Raynaud's and Open Water Swimming

Raynaud's and Open Water Swimming

Raynaud's phenomenon, sometimes known as Raynaud's disease or syndrome, is a condition named after the French doctor Maurice Raynaud, affecting up to 20% of the adult population worldwide.

What exactly is Raynaud's?

When exposed to chilly temperatures, the body's extremities—such as fingers, toes, ears, and nose—begin to lose warmth because the small blood vessels near the skin's surface constrict. This is a natural reaction to slow blood flow and maintain core body temperature.

However, for those with Raynaud's, these blood vessels are overly sensitive and constrict excessively in response to cold or emotional stress, markedly reducing blood flow and leading to noticeable symptoms.

Raynaud's comes in two main types: 'Primary' Raynaud's, which is idiopathic or without a known cause, and the less common 'Secondary' Raynaud's, often linked to other diseases, injuries, or certain medications. Although Secondary Raynaud's can lead to more severe problems, such complications are rare. The primary form remains the most prevalent.

Symptoms: Appearance and Sensation

Skin discoloration is a hallmark of Raynaud's; affected areas turn white or blue when blood flow is limited and later redden upon its return. Symptoms vary and can include numbness, tingling, mild throbbing to intense pain, and can last from minutes to hours.

Managing Raynaud's during Open Water Swimming

We collected insights from open water swimmers who have Raynaud's and braved cold waters regularly. Marian, who began her journey into cold water swimming at 62, has been swimming year-round for eight years. Then there's Mike, who has been ice swimming across the globe for over four decades.

Please note, the below tips are based on personal experiences and are not medical advice. Each Raynaud's case is unique; consult with your healthcare provider if health concerns arise.

Before entering the water: "Preparation is paramount."

- Dress for the swim before you leave home to reduce heat loss while changing on-site.
- Keep your hands warm en route; wearing your regular gloves may be more practical than donning neoprene gloves in advance.
- Change in sheltered areas, away from the wind, possibly where facilities are available.
- Hydration is key; drink plenty of fluids to maintain optimal blood flow.
- Some find that taking arnica, typically used for bruises and muscle aches, boosts circulation.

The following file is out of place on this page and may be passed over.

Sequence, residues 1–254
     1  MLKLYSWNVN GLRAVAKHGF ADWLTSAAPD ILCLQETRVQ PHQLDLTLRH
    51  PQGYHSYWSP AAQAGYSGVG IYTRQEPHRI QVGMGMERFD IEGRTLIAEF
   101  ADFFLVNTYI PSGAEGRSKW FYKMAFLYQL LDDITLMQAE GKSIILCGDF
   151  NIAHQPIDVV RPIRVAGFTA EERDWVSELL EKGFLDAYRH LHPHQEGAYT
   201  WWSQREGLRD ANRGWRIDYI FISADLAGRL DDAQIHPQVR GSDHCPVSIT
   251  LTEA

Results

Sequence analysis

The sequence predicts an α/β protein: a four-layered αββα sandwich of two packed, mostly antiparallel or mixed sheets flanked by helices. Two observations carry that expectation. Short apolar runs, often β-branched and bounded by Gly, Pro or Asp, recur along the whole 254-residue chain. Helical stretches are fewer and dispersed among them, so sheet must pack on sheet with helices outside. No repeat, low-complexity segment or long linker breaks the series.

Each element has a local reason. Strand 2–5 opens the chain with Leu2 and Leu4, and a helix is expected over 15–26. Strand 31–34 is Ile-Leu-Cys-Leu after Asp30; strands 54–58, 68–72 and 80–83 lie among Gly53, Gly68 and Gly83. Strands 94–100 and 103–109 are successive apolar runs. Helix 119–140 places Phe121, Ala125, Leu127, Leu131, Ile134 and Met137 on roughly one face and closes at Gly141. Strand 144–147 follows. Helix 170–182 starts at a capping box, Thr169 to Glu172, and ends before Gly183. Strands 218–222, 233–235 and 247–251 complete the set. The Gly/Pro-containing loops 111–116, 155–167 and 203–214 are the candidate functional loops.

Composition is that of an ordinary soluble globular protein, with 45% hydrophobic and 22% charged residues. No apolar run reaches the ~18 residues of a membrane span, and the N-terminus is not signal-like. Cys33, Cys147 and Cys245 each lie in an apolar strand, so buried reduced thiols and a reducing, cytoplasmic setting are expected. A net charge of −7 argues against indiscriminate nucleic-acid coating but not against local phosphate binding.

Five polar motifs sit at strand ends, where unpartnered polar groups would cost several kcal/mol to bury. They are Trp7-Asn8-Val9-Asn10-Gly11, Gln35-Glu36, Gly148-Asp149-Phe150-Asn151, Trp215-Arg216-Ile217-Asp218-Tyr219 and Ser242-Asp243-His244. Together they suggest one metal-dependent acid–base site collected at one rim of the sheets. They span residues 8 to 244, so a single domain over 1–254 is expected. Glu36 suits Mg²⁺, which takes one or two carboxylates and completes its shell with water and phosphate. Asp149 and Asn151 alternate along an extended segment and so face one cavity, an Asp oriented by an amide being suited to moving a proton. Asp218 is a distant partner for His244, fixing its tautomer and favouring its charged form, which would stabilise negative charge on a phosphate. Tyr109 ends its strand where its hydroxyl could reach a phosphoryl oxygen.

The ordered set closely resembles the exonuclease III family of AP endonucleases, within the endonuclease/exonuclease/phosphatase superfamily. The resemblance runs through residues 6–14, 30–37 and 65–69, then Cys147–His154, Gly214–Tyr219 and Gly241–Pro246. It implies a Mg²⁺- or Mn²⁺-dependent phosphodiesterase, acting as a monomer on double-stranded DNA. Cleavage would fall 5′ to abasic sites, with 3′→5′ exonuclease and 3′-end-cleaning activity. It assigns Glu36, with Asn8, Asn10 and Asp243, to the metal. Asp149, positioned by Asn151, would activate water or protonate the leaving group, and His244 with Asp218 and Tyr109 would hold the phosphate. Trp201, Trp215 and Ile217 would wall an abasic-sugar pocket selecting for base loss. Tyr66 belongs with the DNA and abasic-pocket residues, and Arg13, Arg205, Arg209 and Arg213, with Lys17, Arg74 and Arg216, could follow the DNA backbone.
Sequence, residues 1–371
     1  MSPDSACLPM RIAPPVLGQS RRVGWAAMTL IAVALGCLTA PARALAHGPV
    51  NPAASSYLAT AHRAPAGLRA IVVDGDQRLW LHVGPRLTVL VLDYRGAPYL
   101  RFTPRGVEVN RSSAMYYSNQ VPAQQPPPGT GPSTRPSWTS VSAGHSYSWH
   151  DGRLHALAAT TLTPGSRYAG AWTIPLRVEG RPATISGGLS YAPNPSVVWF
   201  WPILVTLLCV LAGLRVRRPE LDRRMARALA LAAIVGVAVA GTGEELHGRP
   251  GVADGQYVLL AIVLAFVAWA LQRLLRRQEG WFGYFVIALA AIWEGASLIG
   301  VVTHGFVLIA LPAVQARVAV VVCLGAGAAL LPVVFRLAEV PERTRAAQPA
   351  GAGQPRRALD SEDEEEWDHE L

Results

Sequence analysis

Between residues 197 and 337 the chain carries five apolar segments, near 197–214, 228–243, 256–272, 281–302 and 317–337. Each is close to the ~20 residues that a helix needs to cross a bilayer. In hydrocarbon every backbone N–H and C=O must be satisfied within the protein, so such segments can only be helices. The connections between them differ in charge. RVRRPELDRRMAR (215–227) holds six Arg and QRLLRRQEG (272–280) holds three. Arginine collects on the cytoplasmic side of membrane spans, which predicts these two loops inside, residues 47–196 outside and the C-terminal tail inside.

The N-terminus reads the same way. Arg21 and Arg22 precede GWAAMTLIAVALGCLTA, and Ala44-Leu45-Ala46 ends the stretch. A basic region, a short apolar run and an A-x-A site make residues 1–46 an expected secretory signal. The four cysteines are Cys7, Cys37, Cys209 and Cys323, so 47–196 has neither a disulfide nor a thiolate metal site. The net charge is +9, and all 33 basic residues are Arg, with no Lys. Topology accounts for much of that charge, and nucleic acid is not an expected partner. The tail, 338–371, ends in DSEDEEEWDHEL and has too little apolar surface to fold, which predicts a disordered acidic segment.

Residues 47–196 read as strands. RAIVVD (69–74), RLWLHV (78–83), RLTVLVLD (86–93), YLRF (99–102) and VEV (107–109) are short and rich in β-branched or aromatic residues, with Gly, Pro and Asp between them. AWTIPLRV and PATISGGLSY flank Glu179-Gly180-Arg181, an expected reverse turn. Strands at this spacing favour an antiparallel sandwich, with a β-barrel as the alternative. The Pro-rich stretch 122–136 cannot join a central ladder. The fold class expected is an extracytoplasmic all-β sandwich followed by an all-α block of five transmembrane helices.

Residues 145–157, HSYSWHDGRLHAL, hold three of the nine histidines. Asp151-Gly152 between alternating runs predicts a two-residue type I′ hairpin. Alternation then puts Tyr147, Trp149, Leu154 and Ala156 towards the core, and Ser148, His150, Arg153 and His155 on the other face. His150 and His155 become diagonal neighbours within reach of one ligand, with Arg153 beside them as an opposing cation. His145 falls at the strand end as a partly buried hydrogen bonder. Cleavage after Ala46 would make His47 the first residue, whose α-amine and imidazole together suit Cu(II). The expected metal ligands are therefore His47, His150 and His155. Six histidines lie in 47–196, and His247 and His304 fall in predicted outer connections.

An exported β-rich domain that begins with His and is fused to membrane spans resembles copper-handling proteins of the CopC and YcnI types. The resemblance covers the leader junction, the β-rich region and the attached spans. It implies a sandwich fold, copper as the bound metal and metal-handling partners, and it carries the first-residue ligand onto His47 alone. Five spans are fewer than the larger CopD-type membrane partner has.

- Warm up with jogging in place, breathe deeply, and stretch to prime your circulation.
- Sildenafil citrate is sometimes prescribed for Raynaud's to improve blood flow.

During your swim: "Heed your body's signals."

- As temperatures drop, wear thermal neoprene gear to insulate your extremities.

- Oxygen consumption shifts in cold water; listen to your body and cut your swim short if necessary.
- Pay attention to your hands and feet; prolonged numbness could make post-swim dressing difficult, leading to further heat loss.

After your swim: "A slow and steady warm-up wins."

- Dry off rapidly under a change robe; space blankets aren't effective, as they need heat to work.

- To avoid further heat loss, stand on an insulating mat while changing.
- Layer on pre-warmed loose clothing; never apply direct heat to the skin.
- Sip on a warm (not hot) beverage and enjoy a sugary treat to help internal rewarming.
- Avoid direct heat sources for thawing cold hands and feet to prevent injury.
- Alternating lukewarm and cool water dips can revive extremities for some; others may prefer rubbing their wrists.
- A lukewarm, not hot, shower may also help, but always abide by your personal tolerance and symptoms.
- A hot shower or tub can cause a risky blood pressure drop; never jump in right after a cold swim.
- A homemade blend of aromatherapy oils like ginger and eucalyptus can improve circulation if mixed with a carrier oil for a post-swim massage.

Remember to tailor your approach to managing Raynaud's while swimming in cold water, prioritizing personal safety and comfort.

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